In the late sixties and early seventies, when we "baby-boomers" embarked on our careers, many of us slid into the time-honored roles expected of females. It was not so much that we were forbidden to become chemists, doctors, mechanics, or CEOs, rather we were just not encouraged to take the risks involved in doing so. The tacit approval of being nurses, teachers, librarians, or personal assistants felt comfortable and we went with the "flow". A good percentage of us are (or were, as retirement arrives) very competent at these jobs, even loved what we do (or did), but deep within we wonder what that romantic career would have been like. Always did want to be an archeologist, but dad said there was no money in it! Instead I've been an elementary teacher for 30 years. Not much money in it either, Dad!
Susan Irish took the high road and went for the dream. She battled the popular thought that women should take the nurturing, subordinate roles and won the recognition we all strive for: the approval of her parents.
When I was just finishing high school the careers that were open to women were very limited ... being a wife, being a nurse, ... that sort of role. Well, because of my high grades, I earned a full scholarship to the University of Maryland in the Fine Arts Department; I was thrilled. Neither of my brothers had earned scholarships so for me this accomplishment was something unique within my family. My brothers had already preceded me to the University, both studying in the Engineering Department.
My bags were literally packed and sitting in front of the kitchen door for me to head out for college when my fathers comes to me and said, "You don't have to go, I am sure I can pull some strings and get you into a local secretarial school. That's really what you want to do, isn't it?"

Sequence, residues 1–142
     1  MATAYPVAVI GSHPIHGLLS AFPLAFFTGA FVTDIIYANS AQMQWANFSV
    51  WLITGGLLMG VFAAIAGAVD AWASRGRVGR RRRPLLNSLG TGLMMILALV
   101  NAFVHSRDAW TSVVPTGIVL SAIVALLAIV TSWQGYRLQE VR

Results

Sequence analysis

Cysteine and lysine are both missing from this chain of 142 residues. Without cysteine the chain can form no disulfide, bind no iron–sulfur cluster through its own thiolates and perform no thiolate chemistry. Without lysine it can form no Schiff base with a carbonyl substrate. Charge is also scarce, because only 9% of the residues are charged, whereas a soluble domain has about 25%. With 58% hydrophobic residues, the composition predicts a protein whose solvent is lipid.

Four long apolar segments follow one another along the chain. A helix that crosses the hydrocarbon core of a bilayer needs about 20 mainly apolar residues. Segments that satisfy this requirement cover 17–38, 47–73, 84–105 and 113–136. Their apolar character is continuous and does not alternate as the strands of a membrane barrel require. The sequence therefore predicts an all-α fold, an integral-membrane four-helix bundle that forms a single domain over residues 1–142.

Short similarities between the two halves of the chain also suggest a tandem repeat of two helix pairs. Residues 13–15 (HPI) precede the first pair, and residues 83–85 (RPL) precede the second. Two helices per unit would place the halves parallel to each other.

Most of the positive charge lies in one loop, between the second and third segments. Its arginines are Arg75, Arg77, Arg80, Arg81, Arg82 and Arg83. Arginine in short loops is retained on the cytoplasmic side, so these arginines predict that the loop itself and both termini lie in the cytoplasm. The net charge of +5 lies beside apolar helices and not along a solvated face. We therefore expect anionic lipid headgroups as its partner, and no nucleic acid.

I picked up my bags and left for the University.
At that time it was assumed that any woman going to college was not attending to earn her B.A. or B.S. but to get her MRS. degree. I left my father's attitude and jumped into the University's attitude that "it was a waste of time to teach women as they just ran off and got married". therefore wasting the efforts of the professors. After college there was the battle with the galleries as to how to 'trick' them into showing a woman's works.
It was not until many years later, with my Dad bedridden from a terminal illness, that he and I finally made a connection, and that was through wood carving. Dad had carved all his life, usually gunstocks and pistol grips. He was so ill he could no longer carve. Spending several days a week in the house to give Mom breaks from caring for him, I eventually showed my Dad the little feather I had carved from a magazine article. He sent me off for his tool kit, some basswood, and preceded to 'instruct' me on the proper techniques of carving.
Over the next several months I held the knives and wood, but he was the one carving - make a cut there, use the v-gouge over here, strengthen this line, taper that area.
Several days after Dad's passing Mom brought out his carving tool kit; Dad had left her instructions that they were to go to me. These were the only personal items that Dad had directed be left to a specific person.
He and I had gone full circle from no acceptance of my career choice to "That's MY girl wood carving." Perhaps this is why I am so involved with wood carving today. It is the first place as a woman artist that I found total acceptance from my father and it is still the one place within the wider world that I have total acceptance as an artist.
Susan Irish is an accomplished carver and teacher. Susan and husband Mike own "Classic Carving Patterns."
Catherine Kelley is an elementary teacher, writer, and the patient and understanding wife of WOM Editor Matt Kelley.